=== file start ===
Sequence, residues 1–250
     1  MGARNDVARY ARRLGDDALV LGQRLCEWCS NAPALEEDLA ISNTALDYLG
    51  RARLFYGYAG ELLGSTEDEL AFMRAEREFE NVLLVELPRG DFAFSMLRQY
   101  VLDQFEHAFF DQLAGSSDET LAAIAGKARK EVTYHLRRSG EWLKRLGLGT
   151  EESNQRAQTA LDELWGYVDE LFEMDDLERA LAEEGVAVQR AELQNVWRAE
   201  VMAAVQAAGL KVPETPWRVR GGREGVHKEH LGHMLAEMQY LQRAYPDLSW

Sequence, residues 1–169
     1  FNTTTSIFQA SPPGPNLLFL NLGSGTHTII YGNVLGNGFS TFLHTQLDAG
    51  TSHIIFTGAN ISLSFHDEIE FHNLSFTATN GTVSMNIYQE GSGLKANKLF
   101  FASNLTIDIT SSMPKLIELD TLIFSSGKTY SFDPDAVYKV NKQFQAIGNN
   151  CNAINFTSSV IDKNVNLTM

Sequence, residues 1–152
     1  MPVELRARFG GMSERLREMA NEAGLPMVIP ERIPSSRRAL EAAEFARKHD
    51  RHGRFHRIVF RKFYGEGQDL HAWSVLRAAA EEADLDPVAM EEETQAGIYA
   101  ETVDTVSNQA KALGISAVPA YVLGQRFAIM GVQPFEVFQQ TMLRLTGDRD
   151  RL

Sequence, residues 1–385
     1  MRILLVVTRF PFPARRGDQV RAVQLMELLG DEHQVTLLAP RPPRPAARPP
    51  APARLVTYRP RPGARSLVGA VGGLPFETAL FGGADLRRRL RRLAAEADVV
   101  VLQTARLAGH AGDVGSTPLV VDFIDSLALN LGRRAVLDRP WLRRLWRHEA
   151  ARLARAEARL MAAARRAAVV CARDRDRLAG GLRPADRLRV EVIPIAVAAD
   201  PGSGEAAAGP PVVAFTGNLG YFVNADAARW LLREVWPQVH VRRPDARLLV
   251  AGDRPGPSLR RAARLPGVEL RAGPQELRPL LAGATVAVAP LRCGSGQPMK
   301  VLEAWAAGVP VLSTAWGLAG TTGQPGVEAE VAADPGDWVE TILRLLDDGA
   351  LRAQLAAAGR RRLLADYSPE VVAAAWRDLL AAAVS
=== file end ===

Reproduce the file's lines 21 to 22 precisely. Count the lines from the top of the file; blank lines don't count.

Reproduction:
   151  ARLARAEARL MAAARRAAVV CARDRDRLAG GLRPADRLRV EVIPIAVAAD
   201  PGSGEAAAGP PVVAFTGNLG YFVNADAARW LLREVWPQVH VRRPDARLLV